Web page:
I do not know of a single Nobel Laureate in Economics who forecast the present crash, or any other. Two of them, Chicago-Schoolers Robert Merton and Myron Scholes, founded Long Term Capital Management to demonstrate the brilliance of their investment theories. It went down in flames in 1997, saved only by a Federal bailout. Nothing daunted, media and public speakers seeking confirmation lean hard on citations of Nobel Laureates. The media might better consider others with better track records.

Modern Georgists enter this period of danger and opportunity in relatively good shape. Several have outstanding scorecards calling the current crash. These include Fred Foldvary (2007, The Depression of 2008); Fred Harrison (2005, Boom/Bust); Michael Hudson (2007, “The New Road to Serfdom,” Harper’s); and Bryan Kavanagh (2007, Unlocking the Riches of Oz). Each has a slightly different take on it, but they all saw it coming and stuck their necks out to forecast it in print. One of their distinctive commonalities is their recognizing that land rent and values are many times higher than most economists realize, and so play a major role in macro-economic ups and downs.

These Georgists who foretold this crash deserve a hearing, in preference to those who failed, and certainly to those who still deny it. What solutions would they offer? I do not speak for them, and they are not of one mind, but the following elements seem reasonable and likely.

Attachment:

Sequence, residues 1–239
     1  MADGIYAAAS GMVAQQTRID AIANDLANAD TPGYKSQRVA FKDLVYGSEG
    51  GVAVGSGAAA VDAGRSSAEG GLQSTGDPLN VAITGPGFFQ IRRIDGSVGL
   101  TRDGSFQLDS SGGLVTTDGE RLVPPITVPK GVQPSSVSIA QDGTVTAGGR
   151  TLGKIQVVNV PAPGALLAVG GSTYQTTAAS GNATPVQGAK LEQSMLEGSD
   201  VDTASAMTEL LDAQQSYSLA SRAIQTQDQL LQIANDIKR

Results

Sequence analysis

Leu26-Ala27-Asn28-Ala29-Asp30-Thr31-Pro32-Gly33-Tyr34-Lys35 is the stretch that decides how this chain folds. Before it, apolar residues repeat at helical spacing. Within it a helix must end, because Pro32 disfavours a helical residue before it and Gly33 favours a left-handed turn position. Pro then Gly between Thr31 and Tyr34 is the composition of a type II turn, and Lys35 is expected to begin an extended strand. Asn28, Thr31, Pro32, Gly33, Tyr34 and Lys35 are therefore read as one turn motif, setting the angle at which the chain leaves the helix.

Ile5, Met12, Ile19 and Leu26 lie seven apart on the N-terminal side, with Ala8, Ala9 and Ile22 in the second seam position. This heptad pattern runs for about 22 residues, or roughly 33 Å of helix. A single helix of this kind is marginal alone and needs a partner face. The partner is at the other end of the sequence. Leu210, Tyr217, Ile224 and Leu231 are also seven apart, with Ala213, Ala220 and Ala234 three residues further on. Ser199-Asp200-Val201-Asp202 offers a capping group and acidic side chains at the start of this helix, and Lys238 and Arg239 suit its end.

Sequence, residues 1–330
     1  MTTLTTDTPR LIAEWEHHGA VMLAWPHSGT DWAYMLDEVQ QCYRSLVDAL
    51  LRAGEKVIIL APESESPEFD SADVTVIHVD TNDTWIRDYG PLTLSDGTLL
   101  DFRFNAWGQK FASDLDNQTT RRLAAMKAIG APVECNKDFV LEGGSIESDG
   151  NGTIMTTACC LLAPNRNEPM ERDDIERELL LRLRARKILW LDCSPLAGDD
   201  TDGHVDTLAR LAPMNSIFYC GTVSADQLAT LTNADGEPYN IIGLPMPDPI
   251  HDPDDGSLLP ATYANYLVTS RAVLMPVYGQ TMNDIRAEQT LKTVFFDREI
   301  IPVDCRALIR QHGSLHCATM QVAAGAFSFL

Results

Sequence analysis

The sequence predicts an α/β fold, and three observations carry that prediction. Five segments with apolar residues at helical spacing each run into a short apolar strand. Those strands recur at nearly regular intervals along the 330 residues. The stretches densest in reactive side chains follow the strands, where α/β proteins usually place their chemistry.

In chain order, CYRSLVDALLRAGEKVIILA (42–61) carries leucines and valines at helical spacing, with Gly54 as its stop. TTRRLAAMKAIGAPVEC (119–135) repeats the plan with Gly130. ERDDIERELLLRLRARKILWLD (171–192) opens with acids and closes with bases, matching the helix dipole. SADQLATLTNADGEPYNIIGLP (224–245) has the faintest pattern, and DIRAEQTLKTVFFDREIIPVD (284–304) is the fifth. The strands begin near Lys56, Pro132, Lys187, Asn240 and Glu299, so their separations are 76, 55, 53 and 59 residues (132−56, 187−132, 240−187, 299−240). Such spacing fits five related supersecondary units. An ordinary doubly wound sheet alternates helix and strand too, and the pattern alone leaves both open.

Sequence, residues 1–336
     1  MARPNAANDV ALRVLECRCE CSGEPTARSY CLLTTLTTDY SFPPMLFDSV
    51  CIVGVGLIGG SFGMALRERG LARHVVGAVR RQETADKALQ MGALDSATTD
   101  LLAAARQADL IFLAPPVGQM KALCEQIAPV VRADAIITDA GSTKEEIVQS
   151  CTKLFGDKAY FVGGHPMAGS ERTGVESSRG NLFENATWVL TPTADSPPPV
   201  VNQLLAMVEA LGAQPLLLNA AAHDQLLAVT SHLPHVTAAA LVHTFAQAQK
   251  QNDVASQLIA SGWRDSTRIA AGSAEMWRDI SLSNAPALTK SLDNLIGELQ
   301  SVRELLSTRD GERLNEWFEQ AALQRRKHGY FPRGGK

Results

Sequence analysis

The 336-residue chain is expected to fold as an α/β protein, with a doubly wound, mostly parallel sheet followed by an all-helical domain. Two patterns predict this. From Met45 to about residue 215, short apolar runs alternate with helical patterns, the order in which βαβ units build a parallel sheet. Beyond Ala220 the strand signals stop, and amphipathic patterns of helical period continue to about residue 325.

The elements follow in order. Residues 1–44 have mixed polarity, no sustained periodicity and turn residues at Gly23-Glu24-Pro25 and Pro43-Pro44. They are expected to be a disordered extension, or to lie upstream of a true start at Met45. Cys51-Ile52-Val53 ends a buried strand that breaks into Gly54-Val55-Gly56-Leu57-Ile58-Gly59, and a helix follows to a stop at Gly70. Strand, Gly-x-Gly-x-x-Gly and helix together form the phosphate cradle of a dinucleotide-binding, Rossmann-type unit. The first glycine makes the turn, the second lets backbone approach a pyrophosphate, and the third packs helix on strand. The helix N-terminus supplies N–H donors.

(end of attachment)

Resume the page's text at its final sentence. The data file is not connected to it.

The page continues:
One, of course, is to raise more public revenue from taxes on property in general and land in particular. These include property taxes, of course, but in addition a host of other kinds of revenues. No less than sixteen of these are detailed in this writer’s “Hidden Revenue Capacity of Land.”* One of them, which Michael Hudson has explained in several articles, is to reform the personal income tax to bear heavier on property income and lighter on wage income.

Another is always to base land assessments on current market value, and update them annually. ‘Expert’ appraisals of land are based on sales of comparables, and upward price trends. These sales, in turn, were influenced by appraisers who based their opinions on earlier comparables and upward trends, and so on. This is because there is no cost of production to check excesses. Thus a herd mentality can take over, divorcing prices from reality: ‘Irrational Exuberance.’